“I’m here to rescue you,” he stated with a German accent, “from him.” He nodded in Sullivan’s direction. “No offense,
“None taken, but I’m gonna give you an ass whoopin’, you realize that, right, Fritz?” Jake stated calmly. He checked. The majority of his Power was still in reserve and he began to gather it.
“I can take care of myself, buddy,” Delilah told the stranger. “Were you planning on arresting me, Jake?”
“If I don’t want to go back to prison, yeah,” Sullivan answered, glancing back and forth between Delilah and the new threat. Delilah was a known quantity, the other guy, not so much. “That’s kinda the plan.”
“Too bad,” she answered as she grabbed the heavy metal luggage cart, picked it up as if it weighed nothing and threw it at him.
Sullivan reached out and increased the pull on the cart. It slammed into the floor, digging a divot through the tiles and coming to rest at his feet. At the same time the stranger hooked his shoe under Purvis’s shotgun and kicked it into the air, smoothly caught it, and turned it toward Jake’s head. Sullivan barely had time to Spike, gravity’s pull changed direction, and the stranger was jerked off balance to the left. A round of buckshot harmlessly shattered a window. The Power twisted him again, pulling the German in the opposite direction, as if he were in sideways freefall.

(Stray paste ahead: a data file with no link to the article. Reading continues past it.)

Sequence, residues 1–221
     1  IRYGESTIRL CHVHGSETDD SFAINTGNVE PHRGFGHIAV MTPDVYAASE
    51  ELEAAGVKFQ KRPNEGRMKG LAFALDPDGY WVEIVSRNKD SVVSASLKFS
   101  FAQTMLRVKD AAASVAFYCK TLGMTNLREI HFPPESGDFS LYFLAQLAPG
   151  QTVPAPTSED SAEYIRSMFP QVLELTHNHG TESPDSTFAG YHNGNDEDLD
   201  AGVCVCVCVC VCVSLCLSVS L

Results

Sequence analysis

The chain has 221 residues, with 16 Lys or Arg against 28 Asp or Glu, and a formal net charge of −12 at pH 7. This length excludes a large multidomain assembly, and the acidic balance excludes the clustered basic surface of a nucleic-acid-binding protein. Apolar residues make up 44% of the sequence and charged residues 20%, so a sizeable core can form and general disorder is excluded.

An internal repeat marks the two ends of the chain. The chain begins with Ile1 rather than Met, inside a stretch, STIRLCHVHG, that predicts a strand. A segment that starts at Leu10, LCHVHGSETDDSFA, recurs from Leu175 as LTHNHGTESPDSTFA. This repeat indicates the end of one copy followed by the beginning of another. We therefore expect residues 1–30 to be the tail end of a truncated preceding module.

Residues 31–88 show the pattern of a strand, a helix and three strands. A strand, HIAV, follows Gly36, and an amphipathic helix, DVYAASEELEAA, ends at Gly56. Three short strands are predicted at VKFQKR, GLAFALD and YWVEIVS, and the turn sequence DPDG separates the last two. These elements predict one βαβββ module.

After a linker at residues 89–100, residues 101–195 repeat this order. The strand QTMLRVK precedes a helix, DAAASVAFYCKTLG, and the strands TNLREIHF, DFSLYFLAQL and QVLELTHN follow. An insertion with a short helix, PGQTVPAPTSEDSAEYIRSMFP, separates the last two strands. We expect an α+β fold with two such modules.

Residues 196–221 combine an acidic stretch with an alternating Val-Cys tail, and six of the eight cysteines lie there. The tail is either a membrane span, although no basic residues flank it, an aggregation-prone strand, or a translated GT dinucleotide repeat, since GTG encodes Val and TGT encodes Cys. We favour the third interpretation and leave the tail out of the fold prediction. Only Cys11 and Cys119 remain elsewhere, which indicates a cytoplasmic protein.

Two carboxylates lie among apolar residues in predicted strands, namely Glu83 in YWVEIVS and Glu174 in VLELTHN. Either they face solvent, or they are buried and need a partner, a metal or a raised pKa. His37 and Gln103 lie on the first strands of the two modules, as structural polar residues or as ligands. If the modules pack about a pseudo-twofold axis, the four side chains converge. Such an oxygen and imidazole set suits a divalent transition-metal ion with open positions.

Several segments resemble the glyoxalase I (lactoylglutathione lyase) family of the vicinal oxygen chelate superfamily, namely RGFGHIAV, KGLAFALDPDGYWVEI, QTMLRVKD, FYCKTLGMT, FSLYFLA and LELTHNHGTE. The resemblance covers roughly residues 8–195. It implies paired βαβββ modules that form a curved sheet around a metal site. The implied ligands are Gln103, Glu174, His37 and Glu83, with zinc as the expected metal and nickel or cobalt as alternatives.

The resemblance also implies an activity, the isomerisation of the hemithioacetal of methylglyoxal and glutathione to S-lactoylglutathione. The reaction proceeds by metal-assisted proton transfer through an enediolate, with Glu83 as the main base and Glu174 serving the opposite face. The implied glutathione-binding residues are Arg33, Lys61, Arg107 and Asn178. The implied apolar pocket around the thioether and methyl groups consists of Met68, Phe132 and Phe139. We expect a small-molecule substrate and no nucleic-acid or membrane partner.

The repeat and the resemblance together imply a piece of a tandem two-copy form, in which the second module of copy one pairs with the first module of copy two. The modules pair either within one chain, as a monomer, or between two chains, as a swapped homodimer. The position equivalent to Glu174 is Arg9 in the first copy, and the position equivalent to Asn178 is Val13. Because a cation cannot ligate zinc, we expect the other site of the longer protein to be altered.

But rather than collide with the wall, the stranger turned blurry and passed through the concrete as if it were water and was gone. “Damn, Fades,” Sullivan muttered, turning his attention back to Delilah, just in time to see that she had crossed the room and her fist was flying at his face. He ducked and the concrete wall exploded into dust overhead.
Delilah had gotten faster over the years. Sullivan leapt back as she just kept swinging. He’d boxed in the service, but nothing like this. He went between her fists and slugged her in the face with a brutal hook. Pain crackled through his knuckles, down his bones, and through his torso as he drove all his considerable weight forward. The blow was hard enough to topple a gorilla.
She blinked. “I think you smeared my makeup.”
He barely had time to Spike himself dense before she hit him in the chest. Mass increased, his boots cracked into the floor, and she still managed to shove him back ten feet in a cloud of broken tiles. His back hit the wall and shattered a mirror, leaving a cracked indentation of his shoulders in the concrete. He stepped out, shrugging off the broken glass.
It was not something that a normal Heavy could do, but apparently Delilah didn’t have the time to think through the philosophical implications. “I’ve punched trains that were softer.” The Brute paused and shook her aching hand. “You’ve learned some new tricks!”
“You too,” he answered, breathing hard. “Too bad you took to murdering innocent people.”
“Innocent?” she sputtered, reaching down and grasping a wrought-iron bench and ripping its bolts out of the floor. “You’ve got a weird take on
.” She swung the bench like a baseball bat and Sullivan barely had time to throw himself to the ground as it whistled past.
Sullivan rolled aside, finding himself staring up Delilah’s dress as she brought one foot down to stamp him through the floor. Distracting as that was, he managed to focus, Spike, and Delilah suddenly fell
“Son of a b—” she shouted before crashing into the glass ceiling, twenty feet above. Sullivan held the pull for a moment, but he’d burned through too much of his reserve, too fast, and lost control. Gravity returned to normal, and Delilah fell in a cloud of broken glass, screaming, to the ground.